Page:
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Diseases 2014, 2(2), 168-186; doi:10.3390/diseases2020168
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Molecular Mechanism of Gastric Carcinogenesis in Helicobacter pylori-Infected Rodent Models

1
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2
,
1
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1
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3
 and
4,*
1 Division of Pathology, National Institute of Health Sciences, 1-18-1 Kamiyoga, Setagaya-ku, Tokyo 158-8501, Japan 2 Veterinary Nursing and Technology, Nippon Veterinary and Life Science University, 1-7-1 Sakaiminamimachi, Musashino, Tokyo 180-8602, Japan 3 Japan Bioassay Research Center, 2445 Hirasawa, Hadano, Kanagawa 257-0015, Japan 4 Department of Diagnostic Pathology I, Fujita Health University School of Medicine, 1-98 Dengakugakubo, Kutsukake-cho, Toyoake, Aichi 470-1192, Japan
* Author to whom correspondence should be addressed.
Received: 29 April 2014 / Revised: 3 June 2014 / Accepted: 4 June 2014 / Published: 12 June 2014
(This article belongs to the Special Issue Helicobacter Pylori Infection)
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Abstract

Since the discovery of Helicobacter pylori (H. pylori), many efforts have been made to establish animal models for the investigation of the pathological features and molecular mechanisms of gastric carcinogenesis. Among the animal models, Mongolian gerbils and mice are particularly useful for the analysis of H. pylori-associated inflammatory reactions and gastric cancer development. Inhibitors of oxidative stress, cyclooxygenase-2 (COX-2) and nuclear factor-κB, exert preventive effects on chronic gastritis and the development of adenocarcinomas in H. pylori-infected gerbils. Genetically-modified mouse models, including transgenic and knockout mice, have also revealed the importance of p53, COX-2/prostaglandin, Wnt/β-catenin, proinflammatory cytokines, gastrin and type III mucin in the molecular mechanisms of gastric carcinogenesis. Microarray technology is available for comprehensive gene analysis in the gastric mucosa of mouse models, and epigenetics, such as DNA methylation, could be an alternative approach to correlate the observations in animal models with the etiology in humans.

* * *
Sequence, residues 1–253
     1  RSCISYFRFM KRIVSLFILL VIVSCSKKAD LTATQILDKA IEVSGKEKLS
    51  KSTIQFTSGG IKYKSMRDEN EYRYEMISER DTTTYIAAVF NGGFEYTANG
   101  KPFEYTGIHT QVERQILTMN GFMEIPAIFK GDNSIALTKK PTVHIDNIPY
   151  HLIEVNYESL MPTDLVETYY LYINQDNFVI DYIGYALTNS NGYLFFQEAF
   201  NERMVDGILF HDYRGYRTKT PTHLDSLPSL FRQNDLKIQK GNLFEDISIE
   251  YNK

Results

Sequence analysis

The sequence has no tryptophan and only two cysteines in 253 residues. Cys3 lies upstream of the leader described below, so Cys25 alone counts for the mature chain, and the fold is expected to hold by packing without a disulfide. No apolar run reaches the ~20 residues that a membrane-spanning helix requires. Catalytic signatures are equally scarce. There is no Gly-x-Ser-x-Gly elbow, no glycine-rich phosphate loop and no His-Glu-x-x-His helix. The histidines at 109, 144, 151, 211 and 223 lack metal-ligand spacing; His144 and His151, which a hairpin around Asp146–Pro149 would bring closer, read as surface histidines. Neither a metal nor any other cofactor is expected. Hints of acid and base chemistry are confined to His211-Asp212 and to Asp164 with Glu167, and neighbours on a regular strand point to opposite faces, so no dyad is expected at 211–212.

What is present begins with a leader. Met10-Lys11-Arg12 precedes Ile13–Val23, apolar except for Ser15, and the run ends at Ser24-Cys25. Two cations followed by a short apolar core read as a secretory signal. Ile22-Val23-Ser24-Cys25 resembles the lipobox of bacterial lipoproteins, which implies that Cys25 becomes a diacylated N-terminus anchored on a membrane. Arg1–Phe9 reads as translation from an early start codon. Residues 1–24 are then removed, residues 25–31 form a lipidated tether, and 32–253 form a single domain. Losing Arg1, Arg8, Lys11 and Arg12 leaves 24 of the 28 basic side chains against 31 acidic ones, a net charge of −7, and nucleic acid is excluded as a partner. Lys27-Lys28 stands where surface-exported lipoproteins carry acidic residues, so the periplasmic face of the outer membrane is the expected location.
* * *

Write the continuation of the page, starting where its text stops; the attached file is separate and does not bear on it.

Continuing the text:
Keywords: gastric cancer; Helicobacter pylori; molecular mechanism; carcinogenesis; mouse; Mongolian gerbil gastric cancer; Helicobacter pylori; molecular mechanism; carcinogenesis; mouse; Mongolian gerbil
This is an open access article distributed under the Creative Commons Attribution License which permits unrestricted use, distribution, and reproduction in any medium, provided the original work is properly cited.

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Toyoda, T.; Yamamoto, M.; Takasu, S.; Ogawa, K.; Tatematsu, M.; Tsukamoto, T. Molecular Mechanism of Gastric Carcinogenesis in Helicobacter pylori-Infected Rodent Models. Diseases 2014, 2, 168-186.

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